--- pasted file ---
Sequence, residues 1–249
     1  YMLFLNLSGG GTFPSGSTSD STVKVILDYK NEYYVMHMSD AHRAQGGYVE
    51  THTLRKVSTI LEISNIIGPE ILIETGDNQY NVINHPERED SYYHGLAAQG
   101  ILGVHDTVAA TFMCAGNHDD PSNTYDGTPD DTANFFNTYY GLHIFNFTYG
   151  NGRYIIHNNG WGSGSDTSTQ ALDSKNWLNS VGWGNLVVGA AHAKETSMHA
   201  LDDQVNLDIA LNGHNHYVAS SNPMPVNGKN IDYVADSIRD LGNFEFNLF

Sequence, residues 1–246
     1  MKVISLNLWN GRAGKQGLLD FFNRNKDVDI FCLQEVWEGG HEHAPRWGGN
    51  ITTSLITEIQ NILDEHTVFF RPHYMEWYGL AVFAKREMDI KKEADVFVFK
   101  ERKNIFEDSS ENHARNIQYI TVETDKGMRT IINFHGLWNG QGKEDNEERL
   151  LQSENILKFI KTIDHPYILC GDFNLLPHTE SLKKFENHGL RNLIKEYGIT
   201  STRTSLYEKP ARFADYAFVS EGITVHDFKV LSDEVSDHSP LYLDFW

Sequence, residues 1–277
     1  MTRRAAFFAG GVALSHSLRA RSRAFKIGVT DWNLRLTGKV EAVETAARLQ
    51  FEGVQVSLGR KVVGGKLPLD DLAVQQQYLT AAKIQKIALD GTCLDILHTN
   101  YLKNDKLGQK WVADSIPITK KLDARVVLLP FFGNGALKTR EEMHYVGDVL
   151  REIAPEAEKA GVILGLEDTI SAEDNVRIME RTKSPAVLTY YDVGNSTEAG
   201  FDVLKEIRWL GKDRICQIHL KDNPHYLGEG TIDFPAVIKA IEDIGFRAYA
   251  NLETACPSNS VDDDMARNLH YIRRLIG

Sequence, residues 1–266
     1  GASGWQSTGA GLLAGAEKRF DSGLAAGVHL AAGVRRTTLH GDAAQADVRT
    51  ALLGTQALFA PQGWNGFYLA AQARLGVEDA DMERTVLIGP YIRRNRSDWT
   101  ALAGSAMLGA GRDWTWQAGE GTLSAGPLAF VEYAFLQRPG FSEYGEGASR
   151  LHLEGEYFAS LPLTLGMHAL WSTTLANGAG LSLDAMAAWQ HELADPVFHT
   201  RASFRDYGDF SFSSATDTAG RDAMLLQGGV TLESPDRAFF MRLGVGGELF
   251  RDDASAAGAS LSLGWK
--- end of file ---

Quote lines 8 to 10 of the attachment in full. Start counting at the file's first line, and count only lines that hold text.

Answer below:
     1  MKVISLNLWN GRAGKQGLLD FFNRNKDVDI FCLQEVWEGG HEHAPRWGGN
    51  ITTSLITEIQ NILDEHTVFF RPHYMEWYGL AVFAKREMDI KKEADVFVFK
   101  ERKNIFEDSS ENHARNIQYI TVETDKGMRT IINFHGLWNG QGKEDNEERL